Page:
Meet The Disruptors: Eziah Syed On The Five Things You Need To Shake Up Your Industry

Fotis Georgiadis
Authority Magazine
Published in
9 min readJun 5, 2023

Understand the market, live it, breath it, become intimate with the problem space. In my case, mend was the outcome of a number of health challenges in the family and firsthand experience with health systems and the nature of acute care.

As a part of our series about business leaders who are shaking things up in their industry, I had the pleasure of interviewing Eziah Syed.

Eziah Syed has spent his career steeped in technology, strategy, and innovation across a variety of large corporations and several startups. Currently, he serves as Co-Founder and CEO of mendTM, a life sciences company operating at the intersection of digital health and nutripharma.

Prior to his current position with mend™, Eziah cultivated a wealth of knowledge through senior innovation and strategy roles with Deloitte, Citibank, and Dynamics Inc. He has deep experience in innovation, new products, ventures, and white space growth opportunities with a focus on technology-based solutions.

Eziah attended McMaster University in Ontario as an undergraduate and holds an MBA from the University of Western Ontario. He has also been trained in design thinking and advanced corporate finance through New York University Stern School of Business and the University of Virginia Darden School of Business.

Thank you so much for doing this with us! Before we dig in, our readers would like to get to know you a bit more. Can you tell us a bit about your “backstory”? What led you to this particular career path?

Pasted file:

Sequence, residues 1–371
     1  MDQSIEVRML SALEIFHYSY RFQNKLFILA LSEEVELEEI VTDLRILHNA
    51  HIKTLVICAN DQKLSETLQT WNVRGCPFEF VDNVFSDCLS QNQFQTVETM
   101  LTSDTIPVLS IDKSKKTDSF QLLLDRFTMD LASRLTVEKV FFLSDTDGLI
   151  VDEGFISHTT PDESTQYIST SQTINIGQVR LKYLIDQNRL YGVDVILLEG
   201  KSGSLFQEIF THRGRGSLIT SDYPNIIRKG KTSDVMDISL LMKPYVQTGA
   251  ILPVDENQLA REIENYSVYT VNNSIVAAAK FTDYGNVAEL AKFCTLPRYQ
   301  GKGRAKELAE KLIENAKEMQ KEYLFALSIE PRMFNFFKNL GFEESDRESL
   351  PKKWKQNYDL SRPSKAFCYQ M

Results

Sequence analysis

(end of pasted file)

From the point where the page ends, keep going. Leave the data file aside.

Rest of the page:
I’ve spent my career in strategy and innovation for both large firms like Deloitte and Citibank as well as startups and am trained to identify gaps and white spaces. A number of family members have recently experienced health events that led to acute care with hospitals. This is where I saw a clear gap between what’s offered today in the acute care delivery model and what’s possible. Mend is on a mission to fix this gap.

Can you tell our readers what it is about the work you’re doing that’s disruptive?

We’re operating at the intersection of two megatrends, food as medicine and digital behavioral health, that will improve healthcare in the years and decades to come. We have developed a novel food as medicine platform which includes evidence-based nutrapharma, medically tailored targeted meals and nutritional counselling. We use nutrition as a core node in a behavioral support model to get patients optimized for surgery and then transition them to healthy habits that will stay with them throughout their lives. This first to world integrated model is a game changer that will save billions from poor surgical outcomes and even more from the burden of lifestyle preventable chronic illnesses.